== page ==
The dialogs are full of sexual intonation, but the comedy does work- in part. The comedy still doesn't make this a must watch movie, however. Good thing Sunil has a burgeoning business- Tushaar should learn from him and work with his sister's production company, and stop acting altogether- seriously :)
And the last contender for your attention today is:
Cast: Milind Soman, Dino Morea, Sheetal Menon, Simone Singh.
This movie tries so hard- it really does. Good, even great cinematography, handsome frames, good looking actors populating those frames, mouthing dialogs which range from inane to sexual to profane- the whole tries to be a provocative package, hoping to incite some reaction from the viewer.
But the only reaction it inspires after a while is that of boredom. Which feels wrong, since I really do find this set of actors really highly decoratively good looking! Milind was the hottest model of my teenagehood, and Dino was nothing to sneeze at either :D But good looks do not good actors make.
Dino and Antara meet and fall in love, even though Antara appears a bit unbalanced. When he finally bring her home to meet his brother Milind and sister-in-law Simone, she completely freaks out and accuses Milind of having raped and murdered her sister 20 years ago.
The movie constantly shifts between the past and present, which is a good plot device, but doesn't save the movie. Lets just cut to the chase and say that Milind eventually ends up confessing he did in fact rape Antara's sister, but it is also revealed that she died in an accident immediately after. Nevertheless he shoots himself, and all are left weeping behind.
Ughhh- and Dino is supposed to still get together with Antara after all this???? and how coincidental that she just happens to date her sister's rapist (and ex boyfriend)'s younger brother 20 years later. Fun fun.
And in conclusion: Bad movies can happen any time to anyone. Watch what you watch :D Heeh.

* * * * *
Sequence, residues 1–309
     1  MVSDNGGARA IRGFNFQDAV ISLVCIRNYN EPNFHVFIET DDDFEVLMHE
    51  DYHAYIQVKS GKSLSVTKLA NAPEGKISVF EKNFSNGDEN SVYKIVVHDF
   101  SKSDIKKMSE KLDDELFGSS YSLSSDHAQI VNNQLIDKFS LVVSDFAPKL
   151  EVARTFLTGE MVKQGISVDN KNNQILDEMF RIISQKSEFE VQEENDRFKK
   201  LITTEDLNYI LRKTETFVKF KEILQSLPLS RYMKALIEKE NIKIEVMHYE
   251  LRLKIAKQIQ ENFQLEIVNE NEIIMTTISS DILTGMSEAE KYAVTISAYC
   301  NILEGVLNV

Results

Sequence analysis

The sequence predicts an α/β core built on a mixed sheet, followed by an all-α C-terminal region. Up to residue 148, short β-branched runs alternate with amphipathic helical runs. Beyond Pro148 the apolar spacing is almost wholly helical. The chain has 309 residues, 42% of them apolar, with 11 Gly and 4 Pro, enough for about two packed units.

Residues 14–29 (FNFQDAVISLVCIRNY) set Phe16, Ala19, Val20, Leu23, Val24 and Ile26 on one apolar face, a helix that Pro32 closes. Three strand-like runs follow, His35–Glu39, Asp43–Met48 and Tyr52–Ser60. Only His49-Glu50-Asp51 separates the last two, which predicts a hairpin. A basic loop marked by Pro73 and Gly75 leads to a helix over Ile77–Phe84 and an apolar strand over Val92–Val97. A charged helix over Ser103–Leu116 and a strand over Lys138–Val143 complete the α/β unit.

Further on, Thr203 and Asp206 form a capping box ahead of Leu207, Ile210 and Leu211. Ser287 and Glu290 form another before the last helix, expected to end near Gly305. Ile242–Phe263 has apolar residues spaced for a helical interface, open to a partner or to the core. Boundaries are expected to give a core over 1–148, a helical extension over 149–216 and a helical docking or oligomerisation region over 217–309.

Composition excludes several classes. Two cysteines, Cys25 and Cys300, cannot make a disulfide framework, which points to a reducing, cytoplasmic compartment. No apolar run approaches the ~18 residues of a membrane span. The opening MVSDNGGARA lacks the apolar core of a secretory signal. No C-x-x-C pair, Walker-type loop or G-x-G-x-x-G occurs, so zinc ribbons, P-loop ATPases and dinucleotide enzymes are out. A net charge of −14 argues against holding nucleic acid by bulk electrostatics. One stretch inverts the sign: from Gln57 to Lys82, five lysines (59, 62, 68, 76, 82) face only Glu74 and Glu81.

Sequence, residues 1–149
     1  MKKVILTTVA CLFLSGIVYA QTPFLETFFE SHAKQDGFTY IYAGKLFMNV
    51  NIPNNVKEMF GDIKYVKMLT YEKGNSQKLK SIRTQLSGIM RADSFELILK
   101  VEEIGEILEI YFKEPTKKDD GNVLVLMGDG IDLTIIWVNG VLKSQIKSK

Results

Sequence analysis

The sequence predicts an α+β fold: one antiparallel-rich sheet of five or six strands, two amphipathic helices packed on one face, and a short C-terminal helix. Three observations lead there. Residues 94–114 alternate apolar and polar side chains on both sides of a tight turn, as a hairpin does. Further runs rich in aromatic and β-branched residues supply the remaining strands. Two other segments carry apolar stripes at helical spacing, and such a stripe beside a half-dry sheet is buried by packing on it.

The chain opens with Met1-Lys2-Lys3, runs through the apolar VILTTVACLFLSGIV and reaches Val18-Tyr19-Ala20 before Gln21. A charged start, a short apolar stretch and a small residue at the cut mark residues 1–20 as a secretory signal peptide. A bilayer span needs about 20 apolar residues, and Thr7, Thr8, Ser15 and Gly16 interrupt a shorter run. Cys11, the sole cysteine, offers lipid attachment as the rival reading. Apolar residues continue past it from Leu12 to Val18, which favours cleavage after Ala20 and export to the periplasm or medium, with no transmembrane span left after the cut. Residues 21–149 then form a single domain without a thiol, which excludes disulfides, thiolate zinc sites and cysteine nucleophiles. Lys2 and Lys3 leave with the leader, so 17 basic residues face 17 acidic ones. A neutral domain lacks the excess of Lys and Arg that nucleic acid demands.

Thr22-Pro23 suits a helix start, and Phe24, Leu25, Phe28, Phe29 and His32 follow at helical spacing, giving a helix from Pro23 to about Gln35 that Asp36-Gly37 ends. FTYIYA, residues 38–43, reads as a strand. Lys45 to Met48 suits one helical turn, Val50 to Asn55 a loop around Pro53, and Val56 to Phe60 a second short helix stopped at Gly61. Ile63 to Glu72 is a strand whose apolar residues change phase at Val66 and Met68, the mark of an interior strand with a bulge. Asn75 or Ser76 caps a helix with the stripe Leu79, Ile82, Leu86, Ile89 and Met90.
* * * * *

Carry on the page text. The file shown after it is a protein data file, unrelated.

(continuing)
April 25, 2008
April 24, 2008
Title: Hatim Tai
Cast: Jeetentra, Sangeeta Bijlani.
The movie itself is terrible- it is based on “Qissa-e-Hatim,” where a beautiful woman, Husn Banu, can only marry when the following 7 questions (that are more like random sentences anyways):
' What I saw once, I long for a second time.'
' Do good, and cast it upon the waters.'
' Do no evil; if you do, such shall you meet with.'
' He who speaks the truth is always tranquil.'
' Let him bring an account of the mountain of Nida.'
' Let him produce a pearl of the size of a duck's egg'
' Let him bring an account of the bath of Bad-gard.'
To help a prince who is in love with her, Hatim Tai (Jeetendra) decides to go find the answers to the questions.
Of course he accomplishes his quest, and in the process, also gets the princess (Sangeeta Bijlani) of Paristan as his bride.
And we also have Amreesh Puri dropping in as the token villain of the piece.
The “special effects” are really very special- they are so bad that they are laughable, even cry-able. This is just a bad, bad movie, and I could only finish it in 3 sittings :S I had picked up the movie simply because I figured it would have some camp value, but this is a true monstrocity, which you really do not want to subject yourself to. Watch it at your own risk!
April 22, 2008
But legends first. I had read as a child, a translation of the classic Chinese novel, “Journey to the West,”, which features Sun Wukong (aka the Monkey King) as the hero. A humanoid monkey (from what I could gather), Wukong had incredible strength and speed, and was also an expert sorcerer. Each of his hair, if plucked by him, could transform into his clones, who would match his powers. His weapon of choice was his magic staff, which helped him scale up to the heavens…but that is as far as I will go, since this is the point where the movie picks up on the legend - here is a more in-depth description, in case you are interested.
Now let’s get to the movie itself.
Title: Forbidden Kingdom
Cast: Jackie Chan, Jet Li, Michael Angarano, Chrystal Liu.
The movie features a slightly modified version of the original legend-
Once the Monkey King (Jet Li) reaches the heavens, he fights the evil Jade warlord (Collin Chou), who tricks him, turns him to stone and flings the magic staff away…across dimensions to earth.
Centuries pass, and in modern day Boston, Jason (Michael Angarano), obsessed with Hong Kong cinema and Kung-Fu classics, finds the staff in a pawn shop: owned by Jackie Chan in an old man’s wig. When local goons attack, the staff magically transports Jason to ancient China.
There, he meets the drunken immortal, Lu Yan (Jackie Chan), who tells him the story behind the staff, and tells him that the only way to get back to Boston is via the yellow brick road- no no, I’m just joking, but you have to admit the parallels with Dorothy are obvious- the only way back is if Jason restores the staff back to the Monkey King’s stone image.